The growing nationwide response to the Occupy Wall Street movement displays a widespread discontent with the direction the country is taking. The economy is experiencing the worst downturn since the Great Depression, after a decade of bubble-driven growth. The banks who were the main culprits in driving the bubble are largely back on their feet, with top executives again enjoying the same sort of pay and bonuses as they had before the crash. Meanwhile the bulk of the working population continues to suffer the fallout from the crash in the form of unemployment, underemployment, and underwater mortgages. It’s not surprising that people are unhappy with this situation.
What is most important to understand is that this outcome is not just an accident of the market. The banks - who took great risk in extending the credit that fueled the bubble - are back on their feet because of extensive support from the government. This includes not only the $700 billion that Congress appropriated through the TARP, but the trillions more that were lent by the Fed through its special facilities at the peak of the crisis. In addition, an even larger amount of guarantees provided by both the Fed and the FDIC ensured that the banks could survive the crisis that they had helped to bring on.
The extensive government intervention that has allowed the financial industry to survive largely intact is not an exception. In other areas of the economy the interventions may be less transparent, but it is easy to identify ways in which the government has structured the market to redistribute income upward.
For example, prescription drugs are expensive because of government-provided patent monopolies. We currently spend close to $300 billion a year on drugs that would cost around $30 billion a year if drugs were sold in a free market like other goods. The difference, $270 billion a year, dwarfs the sums that are typically debated by Congress in tax and spending bills. Patents serve a purpose in providing an incentive for research, but there are other mechanisms for supporting medical research that are likely to be less costly and lead to less inequality. (We already spend $30 billion a year on biomedical research through the National Institutes of Health.)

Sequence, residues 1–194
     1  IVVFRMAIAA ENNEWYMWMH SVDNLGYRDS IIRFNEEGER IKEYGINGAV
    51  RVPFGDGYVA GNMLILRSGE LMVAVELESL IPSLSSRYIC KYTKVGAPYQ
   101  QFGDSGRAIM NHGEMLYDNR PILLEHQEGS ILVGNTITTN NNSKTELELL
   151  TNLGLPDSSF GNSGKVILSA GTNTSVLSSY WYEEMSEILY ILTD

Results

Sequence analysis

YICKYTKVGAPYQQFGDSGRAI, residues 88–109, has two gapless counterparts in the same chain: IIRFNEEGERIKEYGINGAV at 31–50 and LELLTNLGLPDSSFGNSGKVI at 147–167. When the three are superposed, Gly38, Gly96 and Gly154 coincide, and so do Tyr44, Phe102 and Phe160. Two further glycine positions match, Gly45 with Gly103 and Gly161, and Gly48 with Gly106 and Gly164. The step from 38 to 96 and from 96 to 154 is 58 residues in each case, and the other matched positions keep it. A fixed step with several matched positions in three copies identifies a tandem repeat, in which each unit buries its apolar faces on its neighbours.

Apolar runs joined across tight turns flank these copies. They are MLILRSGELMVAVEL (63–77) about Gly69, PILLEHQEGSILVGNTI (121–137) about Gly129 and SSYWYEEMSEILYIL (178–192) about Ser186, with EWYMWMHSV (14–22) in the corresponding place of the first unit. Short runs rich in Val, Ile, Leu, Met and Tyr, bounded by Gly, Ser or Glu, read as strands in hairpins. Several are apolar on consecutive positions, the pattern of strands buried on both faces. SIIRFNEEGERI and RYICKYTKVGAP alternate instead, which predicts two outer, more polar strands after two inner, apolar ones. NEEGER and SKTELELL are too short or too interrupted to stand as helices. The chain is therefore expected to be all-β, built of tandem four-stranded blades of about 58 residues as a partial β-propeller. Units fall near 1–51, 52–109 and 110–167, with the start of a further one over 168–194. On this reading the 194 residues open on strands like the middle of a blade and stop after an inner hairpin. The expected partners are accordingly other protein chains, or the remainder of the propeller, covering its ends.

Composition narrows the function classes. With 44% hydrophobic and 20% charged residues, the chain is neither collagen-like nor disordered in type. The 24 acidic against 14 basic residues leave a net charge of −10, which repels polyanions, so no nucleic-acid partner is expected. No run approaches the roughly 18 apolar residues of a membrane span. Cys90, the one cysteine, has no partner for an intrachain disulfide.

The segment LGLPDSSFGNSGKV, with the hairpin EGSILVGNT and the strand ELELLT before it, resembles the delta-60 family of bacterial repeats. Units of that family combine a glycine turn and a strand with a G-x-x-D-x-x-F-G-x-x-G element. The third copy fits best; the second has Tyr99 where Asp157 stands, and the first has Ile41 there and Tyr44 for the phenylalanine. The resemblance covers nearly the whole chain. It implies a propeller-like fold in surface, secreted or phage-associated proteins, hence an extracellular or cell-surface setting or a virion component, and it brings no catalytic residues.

Our trade policy has also had the effect of redistributing income upward. It was quite explicitly designed to put manufacturing workers in direct competition with low-paid workers in the developing world. This has the predicted and actual effect of reducing the wages of less-educated workers in the United States. At the same time, highly educated workers, like doctors and lawyers, still benefit from a wide range of protectionist barriers that prevent their salaries from being driven down by international competition. The negative distributional effects of our trade policy become further magnified when an over-valued dollar gives the country a large trade deficit, as is currently the case.
These and other institutional structures should be the focus of a progressive economic agenda. Unfortunately, many progressives focus exclusively on tax and transfer policy that largely accepts the structure of the market as given. This has the appearance of taxing the winners to benefit the losers in the market economy. This approach faces enormous political obstacles, since the public generally has considerable respect for market outcomes. Taxing the wealthy to redistribute to low- and moderate-income households also has serious limitations as policy since redistributive measures will carry an economic cost. Conservatives hugely exaggerate this cost, but it is real.
It makes far more sense to reverse the rules that were put in place to redistribute income upward in the first place. This is not an easy task. The economic interests that rigged the deck in their favor will not stand by idly as progressives attempt to rewrite the rules. But at least the victories achieved will be enduring. And, it makes far more sense to be arguing for changes that will both produce fairer outcomes and make the economy more efficient. That could be a recipe for success at both the political and policy level.
This post originally appeared on Open Society Foundations' blog.